4 July 2022

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Fruitful potential for advent as we carry our mourning

By Archbishop Philip Freier

28 November 2021

In those days a decree went out from Emperor Augustus that all the world should be registered … All went to their own towns to be registered. Joseph also went to the town of Nazareth … because he was descended from the house and family of David. He went to be registered with Mary, to whom he was engaged and who was expecting a child. Luke 2:1-5.

I hope that our imaginations have been enlarged during our own time of compliance to health and other directives and this means we can better understand the circumstances of Joseph and Mary in the nativity narratives. We know that difficulty and inconvenience are not the full story of complying with an enforceable directive. You will have your own impressions of 2021 that endure in your memory of this year, now ending. I’m sure that I take out of this year a much more vivid experience of inhabiting a five-kilometre radius of permitted movement.

Whether on account of imperial edict in their time or of health directives in ours, we share the experience of disrupted expectation. I think that we can use the season of Advent fruitfully this year. I’m aware of how we have all had to miss out on important life events for ourselves or others. Disrupted schooling and tertiary education and working remotely from our offices are perhaps the least of these. Many have been unable to participate in funerals in the way they would have liked and have needed to be satisfied with watching online. New additions to the family were met online and anyone with important life events happening interstate, let alone overseas, has a big gap in their life. It is proper that we stop and encounter our grief for those things that we have missed. We carry our mourning not just on account of the death of those we’ve loved but for missed experience, even joyful ones.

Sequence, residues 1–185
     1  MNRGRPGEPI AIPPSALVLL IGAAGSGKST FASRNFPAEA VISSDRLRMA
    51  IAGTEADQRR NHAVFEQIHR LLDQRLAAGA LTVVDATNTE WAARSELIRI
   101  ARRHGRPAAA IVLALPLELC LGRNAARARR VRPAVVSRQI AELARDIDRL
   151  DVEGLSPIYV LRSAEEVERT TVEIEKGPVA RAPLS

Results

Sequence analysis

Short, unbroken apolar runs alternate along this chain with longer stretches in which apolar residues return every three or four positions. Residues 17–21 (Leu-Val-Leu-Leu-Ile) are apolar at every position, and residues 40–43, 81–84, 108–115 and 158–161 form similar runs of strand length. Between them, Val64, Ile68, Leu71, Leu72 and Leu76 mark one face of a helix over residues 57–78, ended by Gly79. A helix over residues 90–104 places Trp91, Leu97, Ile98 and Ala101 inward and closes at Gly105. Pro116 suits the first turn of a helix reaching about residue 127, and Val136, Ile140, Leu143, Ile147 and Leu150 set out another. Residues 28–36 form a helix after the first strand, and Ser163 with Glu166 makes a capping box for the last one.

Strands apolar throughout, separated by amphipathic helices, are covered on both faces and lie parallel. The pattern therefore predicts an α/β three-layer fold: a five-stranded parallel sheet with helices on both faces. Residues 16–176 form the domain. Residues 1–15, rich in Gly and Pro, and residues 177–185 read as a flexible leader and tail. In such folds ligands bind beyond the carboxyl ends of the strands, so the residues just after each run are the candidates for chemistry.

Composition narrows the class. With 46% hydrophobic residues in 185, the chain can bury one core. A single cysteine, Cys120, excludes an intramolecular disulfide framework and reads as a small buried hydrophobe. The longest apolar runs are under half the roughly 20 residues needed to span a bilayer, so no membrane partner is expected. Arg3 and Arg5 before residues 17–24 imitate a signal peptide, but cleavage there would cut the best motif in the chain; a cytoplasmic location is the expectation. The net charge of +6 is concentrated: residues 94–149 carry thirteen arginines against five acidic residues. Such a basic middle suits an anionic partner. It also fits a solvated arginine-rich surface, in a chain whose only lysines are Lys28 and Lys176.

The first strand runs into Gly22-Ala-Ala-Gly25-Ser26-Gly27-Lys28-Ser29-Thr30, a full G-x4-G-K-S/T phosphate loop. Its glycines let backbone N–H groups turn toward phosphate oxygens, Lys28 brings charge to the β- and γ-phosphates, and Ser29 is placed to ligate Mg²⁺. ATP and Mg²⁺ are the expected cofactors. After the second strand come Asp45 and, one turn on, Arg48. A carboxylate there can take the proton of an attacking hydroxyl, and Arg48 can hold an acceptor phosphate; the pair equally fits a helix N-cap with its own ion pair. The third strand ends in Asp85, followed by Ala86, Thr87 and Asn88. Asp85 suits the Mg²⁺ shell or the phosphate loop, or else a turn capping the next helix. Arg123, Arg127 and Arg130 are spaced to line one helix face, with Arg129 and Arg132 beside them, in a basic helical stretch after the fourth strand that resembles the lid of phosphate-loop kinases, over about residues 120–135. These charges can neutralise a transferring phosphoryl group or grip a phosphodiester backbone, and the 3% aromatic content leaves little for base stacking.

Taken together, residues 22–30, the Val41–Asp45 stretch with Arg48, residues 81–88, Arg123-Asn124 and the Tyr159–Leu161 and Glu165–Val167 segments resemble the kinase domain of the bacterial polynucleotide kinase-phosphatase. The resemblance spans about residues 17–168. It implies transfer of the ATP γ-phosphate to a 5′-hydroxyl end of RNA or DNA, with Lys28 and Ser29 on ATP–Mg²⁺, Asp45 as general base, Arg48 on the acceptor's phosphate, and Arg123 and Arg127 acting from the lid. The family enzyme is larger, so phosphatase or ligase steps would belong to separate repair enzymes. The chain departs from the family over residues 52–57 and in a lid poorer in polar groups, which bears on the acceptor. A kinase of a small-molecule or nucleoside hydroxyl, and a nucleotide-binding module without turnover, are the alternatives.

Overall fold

Advent is a season of preparation, and we can use it well by reflecting on our journey and taking time to go more deeply into those things about ourselves that we usually avoid or seek distraction from. Used well, this Advent season prepares us, prepares our expectation for the restoration of our lives becoming “normal” once again. This does not necessarily mean a straight return to all the old and familiar routines since, if we have grown though our hardship, much will be new for us to embrace. 

Joseph and Mary had much that remained new for them to experience and comprehend, including further hardship as they sought refuge in Egypt. They carried with them the world’s Saviour whom they would know in a unique way as they embraced their role in God’s plan of salvation. Our Christmas celebrations invite us, and all people, to receive Jesus Christ as Saviour and Lord and to carry the knowledge of his presence throughout all that the future holds for us. Every blessing for a holy journey through Advent as it carries us on to Christmas.

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